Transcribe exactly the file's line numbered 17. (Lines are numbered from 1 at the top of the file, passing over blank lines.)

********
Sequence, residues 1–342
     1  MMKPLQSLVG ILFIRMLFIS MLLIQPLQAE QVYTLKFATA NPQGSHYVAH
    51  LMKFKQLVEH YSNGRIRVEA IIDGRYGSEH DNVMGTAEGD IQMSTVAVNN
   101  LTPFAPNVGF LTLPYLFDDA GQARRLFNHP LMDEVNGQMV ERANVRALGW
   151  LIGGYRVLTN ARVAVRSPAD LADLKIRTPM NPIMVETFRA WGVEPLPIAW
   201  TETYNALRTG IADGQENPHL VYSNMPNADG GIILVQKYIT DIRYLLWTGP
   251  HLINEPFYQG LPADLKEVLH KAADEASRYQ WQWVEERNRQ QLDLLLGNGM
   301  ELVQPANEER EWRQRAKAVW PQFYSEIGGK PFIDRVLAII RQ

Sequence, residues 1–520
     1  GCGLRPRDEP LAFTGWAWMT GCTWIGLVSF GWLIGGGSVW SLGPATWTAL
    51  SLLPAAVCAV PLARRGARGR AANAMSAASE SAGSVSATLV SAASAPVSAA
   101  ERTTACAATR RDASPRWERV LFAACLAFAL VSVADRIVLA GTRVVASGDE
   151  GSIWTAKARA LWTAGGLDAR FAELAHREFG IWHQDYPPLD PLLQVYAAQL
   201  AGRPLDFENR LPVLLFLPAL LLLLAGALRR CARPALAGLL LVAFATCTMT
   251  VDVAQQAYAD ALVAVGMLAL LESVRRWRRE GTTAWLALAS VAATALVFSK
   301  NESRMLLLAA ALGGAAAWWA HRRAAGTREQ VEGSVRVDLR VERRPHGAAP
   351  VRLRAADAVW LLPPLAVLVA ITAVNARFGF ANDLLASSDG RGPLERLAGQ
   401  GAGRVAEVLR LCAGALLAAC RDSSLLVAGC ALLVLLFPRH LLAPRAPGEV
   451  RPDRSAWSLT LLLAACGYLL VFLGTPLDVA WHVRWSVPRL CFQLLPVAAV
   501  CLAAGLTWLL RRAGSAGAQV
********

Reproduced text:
   351  VRLRAADAVW LLPPLAVLVA ITAVNARFGF ANDLLASSDG RGPLERLAGQ